One exercise to stop ruminating thoughts includes picturing a stop sign in great detail, instructing yourself to “stop,” and then changing the narrative to something positive, encouraging, or even more realistic or likely.

Another CBT exercise involves challenging negative thought patterns and beliefs for validity by asking yourself:

  • Is there evidence for my thought or am I making assumptions?
  • What’s the worst that could happen? Is this likely?
  • What’s the best that could happen?
  • What’s most likely to happen?
  • Will this matter in a week, a year, or five years from now?

7. Realize What You Can and Can’t Control

Take action where you can. Many of us spend time worrying and feeling anxious over things we can’t control.

Figure out what you can do and take action from there. Studies show that taking action reduces anxiety.[8]

8. Gratitude

Reminding ourselves of the good things in our lives not only brings positivity to us but also reduces anxiety. This is because it is neurologically impossible for our brain to focus on negative and positive information at the same time.[9]

9. Volunteer or Do Something for Someone Else

Helping others feels good. It also reduces stress, boosts our immune system, and can help us live longer.[10]

10. Journal in the 3rd Person

The practice of journaling has long been known as a valuable tool to help us manage our emotions, and it can also help us stop being anxious and regain our calm.

Making a point to name the emotions you are experiencing (“name it to tame it”) is a principle Dr. Dan Siegel discovered that heightens the value of journaling. More recently, Dr. Kross, in his book, Chatter: The Voice in Our Head, Why It Matters, and How to Harness It, noted that journaling in the 3rd person (as if narrating your life) creates further value by creating some distance between you and the emotion you are experiencing, thus allowing you to breathe easier and gain perspective.

Advertising

11. Go Out Into Nature

Spending time in nature has been shown to improve attention, lower stress, improve mood, reduce the risk of psychiatric disorders, and even cause upticks in empathy and cooperation.[11]

12. Spend Time With Animals

Dogs are not only your best friend, but it turns out they are good for your mental and emotional health, too. The fact that cats just allow you to live with them as their servant doesn’t detract from the positive impact they also have on our emotional well-being.

Spending time cuddling with your pet on the couch can decrease levels of cortisol (a stress-related hormone) and lower blood pressure. Other studies have also found that animals can reduce loneliness, increase feelings of social support, and boost your mood.[12]

13. Get Good Sleep

Getting good sleep can be difficult when we feel anxious, but being tired can worsen the issue. Try sticking to a consistent bedtime, make your bedroom dark, the temperature cool, and limit screen time before going to sleep.

14. Limit Alcohol and Caffeine

Alcohol changes the level of neurotransmitters in our brain. This can lead to a heightened sense of anxiety. Caffeine is a stimulant, specifically stimulating our fight or flight response, which is already more sensitive for those struggling with anxiety. Use both in moderation.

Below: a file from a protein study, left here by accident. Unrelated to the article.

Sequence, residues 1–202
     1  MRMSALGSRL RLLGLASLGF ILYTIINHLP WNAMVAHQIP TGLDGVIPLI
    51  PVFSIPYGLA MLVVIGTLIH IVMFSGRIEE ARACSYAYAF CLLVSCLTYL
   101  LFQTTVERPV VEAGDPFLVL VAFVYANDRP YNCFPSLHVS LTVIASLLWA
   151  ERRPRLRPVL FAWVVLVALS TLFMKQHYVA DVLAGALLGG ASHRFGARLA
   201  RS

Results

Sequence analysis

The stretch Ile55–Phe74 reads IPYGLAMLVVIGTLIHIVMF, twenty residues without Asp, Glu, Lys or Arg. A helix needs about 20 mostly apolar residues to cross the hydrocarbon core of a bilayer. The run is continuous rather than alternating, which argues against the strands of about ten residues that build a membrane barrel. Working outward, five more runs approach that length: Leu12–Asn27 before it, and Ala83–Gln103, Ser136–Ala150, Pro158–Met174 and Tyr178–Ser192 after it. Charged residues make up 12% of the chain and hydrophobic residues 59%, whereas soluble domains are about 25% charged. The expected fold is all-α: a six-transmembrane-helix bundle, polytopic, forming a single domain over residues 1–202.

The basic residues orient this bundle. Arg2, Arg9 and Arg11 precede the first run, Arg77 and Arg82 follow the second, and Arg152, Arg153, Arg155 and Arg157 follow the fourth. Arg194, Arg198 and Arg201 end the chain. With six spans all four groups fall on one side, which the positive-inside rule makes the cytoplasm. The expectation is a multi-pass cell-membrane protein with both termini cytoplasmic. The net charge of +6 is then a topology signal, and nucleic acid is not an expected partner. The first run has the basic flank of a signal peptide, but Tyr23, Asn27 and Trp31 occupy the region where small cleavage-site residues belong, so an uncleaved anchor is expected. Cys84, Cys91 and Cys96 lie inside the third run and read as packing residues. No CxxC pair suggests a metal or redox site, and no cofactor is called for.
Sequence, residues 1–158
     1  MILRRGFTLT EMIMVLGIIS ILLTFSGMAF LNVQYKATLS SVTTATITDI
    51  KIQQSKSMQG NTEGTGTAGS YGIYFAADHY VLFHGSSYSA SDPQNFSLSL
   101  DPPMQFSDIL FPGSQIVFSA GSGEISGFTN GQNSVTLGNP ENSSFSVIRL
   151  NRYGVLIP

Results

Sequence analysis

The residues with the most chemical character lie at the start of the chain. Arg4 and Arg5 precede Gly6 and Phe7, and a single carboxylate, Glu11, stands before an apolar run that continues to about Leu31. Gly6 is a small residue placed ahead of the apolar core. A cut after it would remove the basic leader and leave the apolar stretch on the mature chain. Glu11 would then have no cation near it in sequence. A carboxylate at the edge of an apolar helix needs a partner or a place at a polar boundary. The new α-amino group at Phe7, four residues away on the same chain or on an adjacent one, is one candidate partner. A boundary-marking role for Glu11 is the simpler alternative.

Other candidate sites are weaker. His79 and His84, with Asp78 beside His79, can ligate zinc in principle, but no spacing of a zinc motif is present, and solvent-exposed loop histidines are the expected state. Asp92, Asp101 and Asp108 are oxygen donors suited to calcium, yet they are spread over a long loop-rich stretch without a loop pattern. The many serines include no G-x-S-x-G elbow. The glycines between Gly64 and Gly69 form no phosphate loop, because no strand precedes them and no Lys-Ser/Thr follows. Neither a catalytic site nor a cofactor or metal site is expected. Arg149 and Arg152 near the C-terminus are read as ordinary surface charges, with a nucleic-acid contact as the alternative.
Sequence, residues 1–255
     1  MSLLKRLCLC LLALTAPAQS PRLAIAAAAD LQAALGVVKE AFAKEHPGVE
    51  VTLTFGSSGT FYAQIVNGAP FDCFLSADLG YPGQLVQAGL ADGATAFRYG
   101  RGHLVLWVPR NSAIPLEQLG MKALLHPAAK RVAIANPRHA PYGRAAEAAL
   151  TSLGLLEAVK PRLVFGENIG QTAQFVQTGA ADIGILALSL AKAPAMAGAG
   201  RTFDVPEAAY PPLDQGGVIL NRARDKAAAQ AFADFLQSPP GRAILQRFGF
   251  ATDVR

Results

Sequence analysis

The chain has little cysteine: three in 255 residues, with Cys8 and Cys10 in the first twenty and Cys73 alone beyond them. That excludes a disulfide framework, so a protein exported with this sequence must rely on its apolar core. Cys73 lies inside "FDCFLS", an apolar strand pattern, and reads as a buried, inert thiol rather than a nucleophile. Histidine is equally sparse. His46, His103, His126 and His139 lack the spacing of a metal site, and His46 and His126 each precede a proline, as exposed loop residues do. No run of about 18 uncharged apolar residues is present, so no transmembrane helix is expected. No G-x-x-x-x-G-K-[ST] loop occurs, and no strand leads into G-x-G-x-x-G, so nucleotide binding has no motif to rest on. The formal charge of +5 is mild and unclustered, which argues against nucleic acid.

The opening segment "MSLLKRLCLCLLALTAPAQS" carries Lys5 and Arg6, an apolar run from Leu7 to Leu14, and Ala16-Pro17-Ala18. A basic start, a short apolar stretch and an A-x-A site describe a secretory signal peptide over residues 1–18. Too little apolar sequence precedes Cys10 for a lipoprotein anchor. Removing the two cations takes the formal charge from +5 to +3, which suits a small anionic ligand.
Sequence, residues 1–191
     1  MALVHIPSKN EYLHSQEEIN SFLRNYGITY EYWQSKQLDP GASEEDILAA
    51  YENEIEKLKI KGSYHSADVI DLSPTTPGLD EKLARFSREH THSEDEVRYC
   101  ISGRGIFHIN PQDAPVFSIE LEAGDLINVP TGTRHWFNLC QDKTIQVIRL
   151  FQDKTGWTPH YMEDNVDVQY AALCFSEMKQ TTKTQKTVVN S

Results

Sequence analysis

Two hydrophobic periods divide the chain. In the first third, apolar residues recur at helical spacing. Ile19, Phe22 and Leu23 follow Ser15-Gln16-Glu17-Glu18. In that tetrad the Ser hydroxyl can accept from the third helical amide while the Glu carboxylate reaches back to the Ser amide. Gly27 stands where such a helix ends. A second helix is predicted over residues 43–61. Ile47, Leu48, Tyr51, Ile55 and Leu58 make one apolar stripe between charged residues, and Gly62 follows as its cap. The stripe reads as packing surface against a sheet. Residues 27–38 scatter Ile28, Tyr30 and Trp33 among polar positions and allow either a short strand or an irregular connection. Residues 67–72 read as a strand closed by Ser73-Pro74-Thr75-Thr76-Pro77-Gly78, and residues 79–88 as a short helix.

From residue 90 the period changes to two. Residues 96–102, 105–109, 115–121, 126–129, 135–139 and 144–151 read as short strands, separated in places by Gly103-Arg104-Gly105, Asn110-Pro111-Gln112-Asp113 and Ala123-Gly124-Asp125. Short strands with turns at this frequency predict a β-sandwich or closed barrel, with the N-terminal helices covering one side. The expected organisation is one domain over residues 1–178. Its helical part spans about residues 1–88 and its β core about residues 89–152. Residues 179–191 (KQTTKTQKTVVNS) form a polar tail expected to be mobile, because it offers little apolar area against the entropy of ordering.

15. Show Yourself Compassion and Encouragement

What would you say to your best friend? Many times we make things worse by shaming or berating ourselves for feeling anxious because we fear it makes us appear weak or vulnerable. This makes the problem worse.

What would your best friend say to you? Stop beating yourself up and be your own best friend.

16. Spend Time With Friends

Healthy friendships make us feel included, improve self-confidence and self-esteem, and thus, help reduce anxiety.[13]

17. Create Balance in Your Life

Set healthy boundaries and priorities, and don’t be afraid to enforce them. Nobody else can do this for you. Value yourself. You are worth it.

Advertising

18. Have a Plan

Another tip to help you stop being anxious is to have a plan. Knowing what you will do takes away a lot of the “what if” thoughts in your mind. Being certain about some things and managing your expectations can help give you peace of mind.

19. Remind Yourself of a Past Event

You can also try to remind yourself of a past event in your life that you were anxious about but still ended up okay. Have confidence that you will make it through this situation, too.

20. Have Some Structure or Routine in Your Day

Knowing what to expect can significantly reduce anxiety and the fear that can accompany uncertainty.[14] Give yourself as much structure as you need. You’ll thank yourself for it.

Final Thoughts

It can be difficult to manage feelings of being anxious. Take charge and pick a few of these to try out. Be consistent, and see how you feel.

You can always discard what doesn’t work for you, and pick something else to try. Confide in a friend that you are implementing some new strategies, and get some support.

Always tell your doctor your concerns, and don’t hesitate to get help if you are having difficulty managing things on your own. Good luck!

More Tips for Calming Your Mind

Featured photo credit: Ben White via unsplash.com

Reference

Read Next